Born in Gosforth, Newcastle upon Tyne, the fourth and youngest son of Russian and South Shields Jewish parents, Wilfred Josephs had his first musical studies in Newcastle with Arthur Milner, and showed early promise, but was persuaded by his parents to take up a 'sensible' career. He subsequently became a dentist, qualifying as a Bachelor of Dental Surgery of the University of Durham in 1951. He later studied at the Guildhall School in London.
In 1963 his Requiem, a complete setting of the Hebrew Kaddish, written in memory of the Jews who died during the Holocaust, won the first International Composing Competition of the City of Milan and La Scala - then the biggest musical award in the world, after which he gave up dentistry and became a full-time composer. The Requiem was performed by Nino Sanzogno in Milan, Maurice Handford for the BBC, Max Rudolf in Cincinnati, and Giulini in Chicago. A recording was made by David Measham for Unicorn Kanchana.
Josephs was awarded an honorary Doctorate of Music of Newcastle University in 1978. In October 1996, a concert of his works was given at Newcastle University in his presence. He died in London in 1997, leaving a wife, Valerie, and two daughters, Claudia and Philippa. The Wilfred Josephs Society continues to promote his works, the president of which is Sir Charles Mackerras.
Wilfred Josephs was a prolific composer and his classical works include 12 symphonies, 22 concertos, overtures, chamber music, operas, ballets, vocal works - almost all of which had been written to commission. An exception was Requiescant pro defunctis, a string quartet composed as Joseph's personal response to newsreel footage of Auschwitz shown at the time of the Adolf Eichmann trial. This string quartet became the basis of the Kaddish Requiem.
In particular, Josephs is remembered for composing the music for the television series The Great War (1964), Theatre 625 (1965), Talking to a Stranger (1966), Weavers Green (1966), Cider with Rosie (1971), I, Claudius (1976), The Ghosts of Motley Hall (1976), Enemy at the Door (1978), The Voyage of Charles Darwin (1978) and incidental music for The Prisoner (1967). His work for film includes Cash on Demand (1961), Fanatic (1965), The Deadly Bees (1966), Hostile Witness (1968), My Side of the Mountain (1969), Dark Places (1973), Callan (1974), Swallows and Amazons (1974), All Creatures Great and Small (1975), The Uncanny (1977), Martin's Day (1985) and Mata Hari (1985).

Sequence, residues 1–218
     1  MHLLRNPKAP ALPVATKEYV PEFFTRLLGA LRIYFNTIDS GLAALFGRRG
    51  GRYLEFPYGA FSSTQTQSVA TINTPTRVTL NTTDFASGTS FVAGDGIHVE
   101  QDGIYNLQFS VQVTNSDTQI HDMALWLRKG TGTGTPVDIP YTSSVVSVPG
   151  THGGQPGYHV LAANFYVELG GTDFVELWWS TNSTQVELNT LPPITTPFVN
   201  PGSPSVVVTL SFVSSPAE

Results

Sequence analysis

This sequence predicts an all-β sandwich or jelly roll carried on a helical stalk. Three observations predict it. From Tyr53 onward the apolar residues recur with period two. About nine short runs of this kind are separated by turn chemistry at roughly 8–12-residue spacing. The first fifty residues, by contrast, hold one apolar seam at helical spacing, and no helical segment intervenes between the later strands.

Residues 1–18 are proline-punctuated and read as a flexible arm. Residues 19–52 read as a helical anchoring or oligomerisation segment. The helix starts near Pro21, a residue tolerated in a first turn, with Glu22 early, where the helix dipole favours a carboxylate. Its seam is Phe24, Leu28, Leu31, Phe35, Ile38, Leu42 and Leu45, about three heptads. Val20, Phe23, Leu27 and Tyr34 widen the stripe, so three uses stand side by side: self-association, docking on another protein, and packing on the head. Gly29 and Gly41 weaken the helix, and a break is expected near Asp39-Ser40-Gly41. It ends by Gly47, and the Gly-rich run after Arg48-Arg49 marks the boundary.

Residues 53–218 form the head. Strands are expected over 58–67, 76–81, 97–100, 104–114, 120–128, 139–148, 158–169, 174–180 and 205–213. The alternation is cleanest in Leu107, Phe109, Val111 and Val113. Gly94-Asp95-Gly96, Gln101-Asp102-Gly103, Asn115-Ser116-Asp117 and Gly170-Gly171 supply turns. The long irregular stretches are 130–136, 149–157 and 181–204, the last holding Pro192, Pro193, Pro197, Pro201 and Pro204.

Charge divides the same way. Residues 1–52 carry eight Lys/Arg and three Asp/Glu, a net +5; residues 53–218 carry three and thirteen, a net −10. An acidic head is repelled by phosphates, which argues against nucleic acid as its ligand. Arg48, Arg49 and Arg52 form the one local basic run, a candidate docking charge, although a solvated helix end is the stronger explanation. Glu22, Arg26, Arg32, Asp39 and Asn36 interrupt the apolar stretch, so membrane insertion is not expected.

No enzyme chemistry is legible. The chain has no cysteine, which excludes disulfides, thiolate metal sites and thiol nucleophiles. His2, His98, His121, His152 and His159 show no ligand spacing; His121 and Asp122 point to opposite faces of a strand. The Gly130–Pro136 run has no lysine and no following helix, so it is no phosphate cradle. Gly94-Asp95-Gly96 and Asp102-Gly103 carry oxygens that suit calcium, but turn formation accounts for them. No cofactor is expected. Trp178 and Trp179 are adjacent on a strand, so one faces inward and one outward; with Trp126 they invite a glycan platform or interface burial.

His other notable works include an opera Rebecca (1983), based on Daphne du Maurier's novel, a ballet Cyrano (1991) and the Aelian Dances, based on Newcastle folk songs (the title is a reference to Newcastle's Roman name.) and a music theater piece in memory of his nephew, A Child of the Universe op. 80. and a children's opera Alice in Wonderland Op 144 (1985-1988) .
- Requiem, Robert Dawe, baritone; Adelaide String Quartet, with Pamela de Almeida, 2nd cello; Chorus; Adelaide Symphony Orchestra, David Measham, Unicorn-Kanchana LP DKP 9032 (never released on CD)
- Robert Chase Dies Irae: A Guide to Requiem Music -2004 Page 385 "Other related works are Requiem, Op. 39 (1963) (complete setting of the Kaddish) by Wilfred Josephs"
- The Strad: A Monthly Journal for Professionals and Amateurs Pablo de Sarasate - 1967 "In the Halle Orchestra's Mid-day Concert on September 1 in the BBC's Music Programme, there was the first broadcast performance in this country of Wilfred Josephs' "Requiem", the work which won the 1963 Milan Composition Prize. The soloist, as in ... The performance was conducted by Maurice Handford. "
- Glenda Abramson - Encyclopedia of Modern Jewish Culture 2013 p. 435 "a music theater piece, A Child of the Universe op. 80, with a text by the composer and others (1971"
- Listing of Joseph's works
- Musicwebinternational - Requiem
- The Wilfred Josephs Society
- Wilfred Josephs at the Internet Movie Database
- Obituary by his publisher